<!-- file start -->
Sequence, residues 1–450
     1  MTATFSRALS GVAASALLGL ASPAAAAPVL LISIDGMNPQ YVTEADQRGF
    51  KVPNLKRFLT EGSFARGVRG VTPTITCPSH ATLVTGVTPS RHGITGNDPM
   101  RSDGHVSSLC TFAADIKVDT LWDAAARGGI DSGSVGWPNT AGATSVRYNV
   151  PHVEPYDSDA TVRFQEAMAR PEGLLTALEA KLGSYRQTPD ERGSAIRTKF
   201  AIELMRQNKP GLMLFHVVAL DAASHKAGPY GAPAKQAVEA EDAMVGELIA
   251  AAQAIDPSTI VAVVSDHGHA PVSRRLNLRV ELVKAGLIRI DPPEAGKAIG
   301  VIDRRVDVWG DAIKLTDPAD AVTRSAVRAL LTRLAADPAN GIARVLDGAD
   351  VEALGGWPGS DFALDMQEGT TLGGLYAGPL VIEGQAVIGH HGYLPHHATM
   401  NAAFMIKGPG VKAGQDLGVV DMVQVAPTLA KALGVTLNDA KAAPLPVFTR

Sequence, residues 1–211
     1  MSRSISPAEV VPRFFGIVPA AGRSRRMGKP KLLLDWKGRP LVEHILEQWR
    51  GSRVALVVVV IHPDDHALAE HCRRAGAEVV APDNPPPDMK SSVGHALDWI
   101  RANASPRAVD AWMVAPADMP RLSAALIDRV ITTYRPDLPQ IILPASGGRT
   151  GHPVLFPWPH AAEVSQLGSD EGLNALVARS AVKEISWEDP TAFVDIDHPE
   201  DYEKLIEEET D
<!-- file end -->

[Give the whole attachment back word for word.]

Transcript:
Sequence, residues 1–450
     1  MTATFSRALS GVAASALLGL ASPAAAAPVL LISIDGMNPQ YVTEADQRGF
    51  KVPNLKRFLT EGSFARGVRG VTPTITCPSH ATLVTGVTPS RHGITGNDPM
   101  RSDGHVSSLC TFAADIKVDT LWDAAARGGI DSGSVGWPNT AGATSVRYNV
   151  PHVEPYDSDA TVRFQEAMAR PEGLLTALEA KLGSYRQTPD ERGSAIRTKF
   201  AIELMRQNKP GLMLFHVVAL DAASHKAGPY GAPAKQAVEA EDAMVGELIA
   251  AAQAIDPSTI VAVVSDHGHA PVSRRLNLRV ELVKAGLIRI DPPEAGKAIG
   301  VIDRRVDVWG DAIKLTDPAD AVTRSAVRAL LTRLAADPAN GIARVLDGAD
   351  VEALGGWPGS DFALDMQEGT TLGGLYAGPL VIEGQAVIGH HGYLPHHATM
   401  NAAFMIKGPG VKAGQDLGVV DMVQVAPTLA KALGVTLNDA KAAPLPVFTR

Sequence, residues 1–211
     1  MSRSISPAEV VPRFFGIVPA AGRSRRMGKP KLLLDWKGRP LVEHILEQWR
    51  GSRVALVVVV IHPDDHALAE HCRRAGAEVV APDNPPPDMK SSVGHALDWI
   101  RANASPRAVD AWMVAPADMP RLSAALIDRV ITTYRPDLPQ IILPASGGRT
   151  GHPVLFPWPH AAEVSQLGSD EGLNALVARS AVKEISWEDP TAFVDIDHPE
   201  DYEKLIEEET D